Whole30: A Retrospective

Several years ago I was diagnosed with insulin resistance. Long story short, I was fat because my body produced too much insulin which prevented me from losing weight, but the only way to permanently lower my insulin levels was to lose weight. Lovely predicament, no?

Since my diagnosis, I’ve tried several “diets” in an effort to get my weight under control: South Beach, the Insulin Resistance Diet, Weight Watchers, Atkins, etc. My weight has yo-yoed up and down by about 40 pounds (not counting my whale-like months of pregnancy). At this point my metabolism was most likely completely hosed. I’d also been on and off of metformin several times, but usually stopped taking it because it made me feel even worse. In the end, I stepped on the scale a few months ago and realized I weighed roughly the same thing that I did when I was first told that I had insulin resistance. So, about seven years with no measurable progress. Lovely.

Realizing that this behavior was not setting the best example for my girls, I set out to finally make a change. I’d been doing some poking around online for eating plans for people with insulin resistance, and saw a lot of rumblings about something called “Whole30,” and then found out a few friends of mine had been giving it a shot with good results.

However, there was one BIG problem with Whole30 in my mind: it was paleo. You know, the caveman diet that fanatics would tell you will not only help you lose weight, but will also balance your checkbook and fold your laundry. I wanted NO PART of it. I refused to become one of those glassy-eyed devotees that does nothing but post on Facebook and Twitter about how awesome paleolithic eating is for your system. Besides, following a truly paleo eating plan means you don’t eat dairy. Oh, hell no I wasn’t going to give up cheese!

Still, the anecdotal evidence was intriguing. I finally went to the Whole30 website and read up on it some more. Then I got to thinking… all they’re asking me to do is give some things up for a month. Ah, what the hell, I can do anything for a month. So, on September 2, 2012, I began my Whole30. No dairy. No grains. No sugar or artificial sweeteners. No legumes. Basically, lean proteins, fruits, veggies, and some nuts and good oils only.

Day one wasn’t so bad. I had some eggs and veggies for breakfast. Lunch was a grilled chicken breast over some greens with some slivered almonds. Dinner was fish and vegetables. By the end of the first week, though, I was struggling. I’d had to give up sodas (and anyone who knows me knows I was a certified Coke Zero addict), and although I was now drinking my coffee black, I wasn’t drinking as much of it, so I was going through some caffeine withdrawal. My head hurt. I wanted cheese so bad I could taste it. But in the end, I knew I was being a big ol’ crybaby about it. One of the things I kind of liked about Whole30 is that the founders have a no-nonsense attitude about it. They insist it is NOT hard. They say that battling cancer is hard. Learning to eat healthy is not.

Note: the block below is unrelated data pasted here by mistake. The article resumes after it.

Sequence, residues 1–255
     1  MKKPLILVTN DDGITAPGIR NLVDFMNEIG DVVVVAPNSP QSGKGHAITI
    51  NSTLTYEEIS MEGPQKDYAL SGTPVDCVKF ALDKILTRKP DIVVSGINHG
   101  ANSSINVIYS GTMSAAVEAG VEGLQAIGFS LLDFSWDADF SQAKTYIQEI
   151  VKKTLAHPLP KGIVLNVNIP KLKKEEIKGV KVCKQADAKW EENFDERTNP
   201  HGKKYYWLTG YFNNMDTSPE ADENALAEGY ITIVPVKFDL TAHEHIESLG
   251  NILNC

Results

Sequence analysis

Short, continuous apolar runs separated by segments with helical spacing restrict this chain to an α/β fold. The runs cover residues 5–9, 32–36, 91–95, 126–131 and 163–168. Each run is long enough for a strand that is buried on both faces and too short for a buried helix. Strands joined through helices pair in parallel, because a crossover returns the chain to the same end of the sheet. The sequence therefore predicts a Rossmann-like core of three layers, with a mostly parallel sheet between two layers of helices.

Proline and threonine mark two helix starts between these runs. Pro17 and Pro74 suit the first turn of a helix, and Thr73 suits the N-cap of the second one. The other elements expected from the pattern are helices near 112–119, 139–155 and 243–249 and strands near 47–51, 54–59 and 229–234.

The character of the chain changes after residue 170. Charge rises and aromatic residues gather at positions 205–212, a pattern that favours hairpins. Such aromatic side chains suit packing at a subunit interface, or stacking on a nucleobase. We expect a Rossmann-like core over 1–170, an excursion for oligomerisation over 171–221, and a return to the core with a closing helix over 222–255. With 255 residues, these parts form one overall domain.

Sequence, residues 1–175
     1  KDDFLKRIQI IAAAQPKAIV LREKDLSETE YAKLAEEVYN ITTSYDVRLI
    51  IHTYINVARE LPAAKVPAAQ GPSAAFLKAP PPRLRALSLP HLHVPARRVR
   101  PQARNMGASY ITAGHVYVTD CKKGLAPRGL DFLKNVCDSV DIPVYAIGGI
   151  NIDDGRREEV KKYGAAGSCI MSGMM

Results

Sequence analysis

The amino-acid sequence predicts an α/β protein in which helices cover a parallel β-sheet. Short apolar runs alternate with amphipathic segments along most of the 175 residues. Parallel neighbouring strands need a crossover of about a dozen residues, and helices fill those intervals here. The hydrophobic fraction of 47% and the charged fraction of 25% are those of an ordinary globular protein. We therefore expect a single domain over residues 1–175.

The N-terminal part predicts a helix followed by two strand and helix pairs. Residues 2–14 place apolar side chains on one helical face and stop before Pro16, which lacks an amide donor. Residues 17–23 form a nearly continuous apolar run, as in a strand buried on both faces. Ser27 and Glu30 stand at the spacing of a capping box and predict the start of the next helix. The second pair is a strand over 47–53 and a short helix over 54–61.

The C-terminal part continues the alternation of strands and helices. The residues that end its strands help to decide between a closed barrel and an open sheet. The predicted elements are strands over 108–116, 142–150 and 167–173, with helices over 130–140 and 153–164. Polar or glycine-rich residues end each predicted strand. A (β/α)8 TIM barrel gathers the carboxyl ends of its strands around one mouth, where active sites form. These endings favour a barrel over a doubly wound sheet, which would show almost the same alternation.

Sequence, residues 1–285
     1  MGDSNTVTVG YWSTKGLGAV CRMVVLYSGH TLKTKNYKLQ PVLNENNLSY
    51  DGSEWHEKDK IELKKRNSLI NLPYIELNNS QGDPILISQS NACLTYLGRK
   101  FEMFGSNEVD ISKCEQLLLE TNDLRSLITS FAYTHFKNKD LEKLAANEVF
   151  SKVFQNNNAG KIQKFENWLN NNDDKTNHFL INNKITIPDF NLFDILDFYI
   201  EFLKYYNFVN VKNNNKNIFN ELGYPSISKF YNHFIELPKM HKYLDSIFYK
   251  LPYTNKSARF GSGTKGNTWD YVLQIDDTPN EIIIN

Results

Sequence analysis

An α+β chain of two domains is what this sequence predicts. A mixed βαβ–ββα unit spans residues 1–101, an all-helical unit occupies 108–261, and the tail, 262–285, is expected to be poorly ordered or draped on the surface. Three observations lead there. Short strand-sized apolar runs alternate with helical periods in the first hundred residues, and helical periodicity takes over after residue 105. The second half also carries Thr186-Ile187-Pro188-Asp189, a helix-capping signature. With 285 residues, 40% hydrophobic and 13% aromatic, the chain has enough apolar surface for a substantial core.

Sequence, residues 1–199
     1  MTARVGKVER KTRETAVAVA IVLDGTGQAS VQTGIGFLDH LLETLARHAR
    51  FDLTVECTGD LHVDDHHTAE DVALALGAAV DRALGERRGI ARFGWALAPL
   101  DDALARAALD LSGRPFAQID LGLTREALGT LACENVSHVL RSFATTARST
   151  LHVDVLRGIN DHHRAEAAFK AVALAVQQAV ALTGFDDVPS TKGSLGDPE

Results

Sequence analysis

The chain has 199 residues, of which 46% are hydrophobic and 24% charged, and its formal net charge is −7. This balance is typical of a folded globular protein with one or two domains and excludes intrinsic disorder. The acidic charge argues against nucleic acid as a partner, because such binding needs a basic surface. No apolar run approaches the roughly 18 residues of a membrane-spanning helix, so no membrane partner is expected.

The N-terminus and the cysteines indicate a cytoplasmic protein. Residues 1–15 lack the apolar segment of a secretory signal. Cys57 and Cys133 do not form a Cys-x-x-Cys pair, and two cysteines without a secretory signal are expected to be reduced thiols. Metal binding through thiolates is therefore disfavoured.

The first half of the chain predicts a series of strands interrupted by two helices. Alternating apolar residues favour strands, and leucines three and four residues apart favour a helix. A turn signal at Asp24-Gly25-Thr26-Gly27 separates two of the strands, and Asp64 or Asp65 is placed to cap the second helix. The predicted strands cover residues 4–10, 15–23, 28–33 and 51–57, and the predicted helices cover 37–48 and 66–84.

So, I trudged on. The second week was better. I went in to my doctor’s office for some routine bloodwork during that week. I received my results later that week, and I almost fell out of my chair when I read them. MY INSULIN LEVELS WERE NORMAL. Y’all, my insulin levels have not been normal since 2005. NORMAL. As in, my body was no longer drowning in excess insulin. I was flabbergasted. But in a good way. So, I was sold on Whole30 at that point.

I’m not quite through the entire 30 days (I have two days left), but I think I’m at a point where I can safely say that I’m on board with this for the long haul. I’m still looking forward to eating something with cheese on it on Monday, but I’ve learned I don’t have to have cheese on EVERYTHING. I actually prefer my coffee black now, and my tea unsweetened (which I know is blasphemy, since I am from Georgia). I cheated today and put some Splenda in my coffee at work, and it tasted NASTY and like it was full of chemicals. I’ve learned to appreciate fresh fruits and vegetables more.

And best of all, as of this morning, I have dropped 17 pounds from what I weighed the morning of September 2. (I know Whole30 says don’t weigh yourself until after your 30 days are up. Well, I cheated. Pbbbbth.) I don’t expect to keep that level of weight loss up by any means, but it is definitely encouraging to see that much weight come off simply by eating cleaner. I haven’t upped my exercise levels or anything. At this point, I weigh less than I’ve weighed in nearly two years, and am coming up on weighing roughly what I did before I got pregnant in 2007.

I’m still going to allow myself some occasional dairy after my Whole30 is up, and a bite of dessert every now and then. But it will not be a daily thing as it was with me before. I feel fantastic for the first time in nearly five years, and I need to keep it up. Next step: it’s time to get my ass moving and exercise.


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